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The impact of early agricultural changes in Guyana

NSF Award:

Early Agriculture and Landscape Domestication along the Middle Berbice River, Guyana  (University of Florida)

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Archaeological research by Michael Heckenberger and colleagues at the University of Florida has shown that Native Americans were present in Guyana 6,000 years ago. Through archaeological survey and excavation, the archaeologists found ceremonial mounds and discovered that about 3,000 years ago, the inhabitants began to modify the landscape for agricultural purposes.  The researchers also discovered evidence that descendants of the Native Americans were in the region at the time of European contact.

Heckenberger's findings suggest that the region sustained human settlements over multiple millennia. This notion runs contrary to common 20th-century views that interior northeastern South America was only recently inhabited by farming populations. In addition, population density was likely higher in prehistoric than in historic times. In Amazonia, this has particular relevance to contemporary questions of sustainable land-use and climate change. To achieve successful long-term solutions to contemporary development, planners must adapt to specific ecological settings, and past strategies can provide potentially successful guides.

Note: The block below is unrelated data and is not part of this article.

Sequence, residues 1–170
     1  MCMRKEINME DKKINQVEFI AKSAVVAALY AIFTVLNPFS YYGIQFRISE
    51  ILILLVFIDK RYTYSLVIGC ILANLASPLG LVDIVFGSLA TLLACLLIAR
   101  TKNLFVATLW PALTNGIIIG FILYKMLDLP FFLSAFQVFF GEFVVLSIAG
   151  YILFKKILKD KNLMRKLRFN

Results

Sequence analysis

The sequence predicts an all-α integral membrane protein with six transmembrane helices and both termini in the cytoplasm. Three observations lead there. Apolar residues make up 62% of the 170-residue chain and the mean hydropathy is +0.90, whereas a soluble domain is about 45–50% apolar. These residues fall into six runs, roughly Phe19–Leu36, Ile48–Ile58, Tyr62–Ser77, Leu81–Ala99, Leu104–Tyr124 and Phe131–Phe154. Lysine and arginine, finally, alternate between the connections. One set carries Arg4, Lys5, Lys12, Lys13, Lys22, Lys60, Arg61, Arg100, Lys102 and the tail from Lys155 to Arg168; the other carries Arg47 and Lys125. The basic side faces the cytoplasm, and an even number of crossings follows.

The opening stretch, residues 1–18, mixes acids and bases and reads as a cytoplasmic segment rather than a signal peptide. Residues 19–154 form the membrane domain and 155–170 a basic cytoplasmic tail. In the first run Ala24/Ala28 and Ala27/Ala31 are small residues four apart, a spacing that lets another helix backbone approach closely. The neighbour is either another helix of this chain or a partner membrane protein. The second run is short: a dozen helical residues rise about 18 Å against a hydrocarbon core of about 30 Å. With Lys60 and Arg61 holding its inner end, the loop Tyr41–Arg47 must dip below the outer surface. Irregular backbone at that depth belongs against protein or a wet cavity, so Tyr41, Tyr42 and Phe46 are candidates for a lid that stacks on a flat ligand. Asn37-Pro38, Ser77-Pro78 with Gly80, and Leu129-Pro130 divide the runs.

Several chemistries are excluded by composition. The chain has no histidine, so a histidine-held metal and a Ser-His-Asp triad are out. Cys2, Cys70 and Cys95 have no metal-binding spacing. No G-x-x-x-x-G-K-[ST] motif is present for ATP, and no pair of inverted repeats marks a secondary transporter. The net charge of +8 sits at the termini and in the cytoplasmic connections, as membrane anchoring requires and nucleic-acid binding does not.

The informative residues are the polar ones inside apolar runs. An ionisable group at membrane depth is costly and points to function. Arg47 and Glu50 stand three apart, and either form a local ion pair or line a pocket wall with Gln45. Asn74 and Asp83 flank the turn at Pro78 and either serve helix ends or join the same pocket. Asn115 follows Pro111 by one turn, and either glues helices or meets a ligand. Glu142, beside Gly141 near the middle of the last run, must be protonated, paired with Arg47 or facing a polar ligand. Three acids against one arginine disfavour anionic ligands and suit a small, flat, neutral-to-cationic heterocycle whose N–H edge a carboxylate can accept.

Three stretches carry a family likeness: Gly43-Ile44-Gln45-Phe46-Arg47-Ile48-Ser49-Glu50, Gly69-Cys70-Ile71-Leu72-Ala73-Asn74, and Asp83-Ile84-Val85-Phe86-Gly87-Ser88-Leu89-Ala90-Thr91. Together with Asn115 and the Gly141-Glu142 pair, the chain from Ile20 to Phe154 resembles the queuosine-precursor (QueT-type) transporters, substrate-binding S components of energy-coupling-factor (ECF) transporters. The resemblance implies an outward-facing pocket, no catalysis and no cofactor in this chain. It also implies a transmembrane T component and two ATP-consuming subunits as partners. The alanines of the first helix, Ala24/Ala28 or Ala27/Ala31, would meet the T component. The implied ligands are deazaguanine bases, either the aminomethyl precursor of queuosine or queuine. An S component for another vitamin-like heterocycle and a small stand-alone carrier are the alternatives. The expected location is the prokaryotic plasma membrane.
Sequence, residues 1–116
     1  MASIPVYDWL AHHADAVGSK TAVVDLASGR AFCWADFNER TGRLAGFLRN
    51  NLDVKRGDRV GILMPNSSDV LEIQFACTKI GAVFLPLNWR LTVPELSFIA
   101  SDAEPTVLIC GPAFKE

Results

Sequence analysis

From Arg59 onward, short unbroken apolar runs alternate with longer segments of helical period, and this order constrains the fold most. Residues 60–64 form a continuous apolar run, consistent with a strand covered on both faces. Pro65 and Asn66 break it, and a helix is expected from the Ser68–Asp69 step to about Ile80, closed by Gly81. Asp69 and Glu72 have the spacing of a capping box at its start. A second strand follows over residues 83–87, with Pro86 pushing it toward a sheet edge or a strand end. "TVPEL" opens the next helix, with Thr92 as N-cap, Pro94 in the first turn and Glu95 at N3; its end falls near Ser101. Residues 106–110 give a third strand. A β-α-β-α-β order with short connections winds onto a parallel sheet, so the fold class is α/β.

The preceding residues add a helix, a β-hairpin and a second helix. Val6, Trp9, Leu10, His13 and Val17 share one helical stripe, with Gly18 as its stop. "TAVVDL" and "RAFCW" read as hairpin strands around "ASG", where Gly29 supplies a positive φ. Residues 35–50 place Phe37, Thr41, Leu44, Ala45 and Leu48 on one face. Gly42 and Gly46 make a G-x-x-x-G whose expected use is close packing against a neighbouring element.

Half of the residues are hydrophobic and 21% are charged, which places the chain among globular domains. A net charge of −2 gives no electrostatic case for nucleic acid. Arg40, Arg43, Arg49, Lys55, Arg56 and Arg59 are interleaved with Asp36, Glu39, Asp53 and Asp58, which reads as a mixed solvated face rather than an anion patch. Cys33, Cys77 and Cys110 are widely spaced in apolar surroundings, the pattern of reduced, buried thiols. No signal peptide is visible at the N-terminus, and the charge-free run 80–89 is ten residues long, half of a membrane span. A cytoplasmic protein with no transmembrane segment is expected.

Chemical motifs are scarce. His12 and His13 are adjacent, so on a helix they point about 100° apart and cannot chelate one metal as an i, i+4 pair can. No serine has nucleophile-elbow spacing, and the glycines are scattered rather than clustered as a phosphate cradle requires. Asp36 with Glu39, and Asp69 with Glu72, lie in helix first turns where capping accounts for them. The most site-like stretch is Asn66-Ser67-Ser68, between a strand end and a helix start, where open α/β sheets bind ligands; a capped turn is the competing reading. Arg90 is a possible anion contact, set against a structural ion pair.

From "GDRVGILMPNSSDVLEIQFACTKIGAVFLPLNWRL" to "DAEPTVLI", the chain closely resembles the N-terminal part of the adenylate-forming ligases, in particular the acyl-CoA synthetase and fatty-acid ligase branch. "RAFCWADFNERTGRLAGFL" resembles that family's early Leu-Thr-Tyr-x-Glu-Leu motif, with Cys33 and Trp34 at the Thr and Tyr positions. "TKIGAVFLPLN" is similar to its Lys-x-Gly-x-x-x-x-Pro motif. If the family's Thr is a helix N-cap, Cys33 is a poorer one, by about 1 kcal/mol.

By comparing findings at individual archaeological sites, archaeologists can derive more general principles about how societies develop. Guyana is one of the few tropical settings that show the transition from small egalitarian hunting and gathering groups to larger socially stratified agriculturally/pastorally based societies.

Images (1 of )

  • a section of the dubulay archeological site in guyana
  • alternating sediment layers from the dubulay site show human interaction with the land
A section of the Dubulay site.
J.C. Russell
Light and dark sediment layers indicate changes in how humans used the soil.
J.C. Russell

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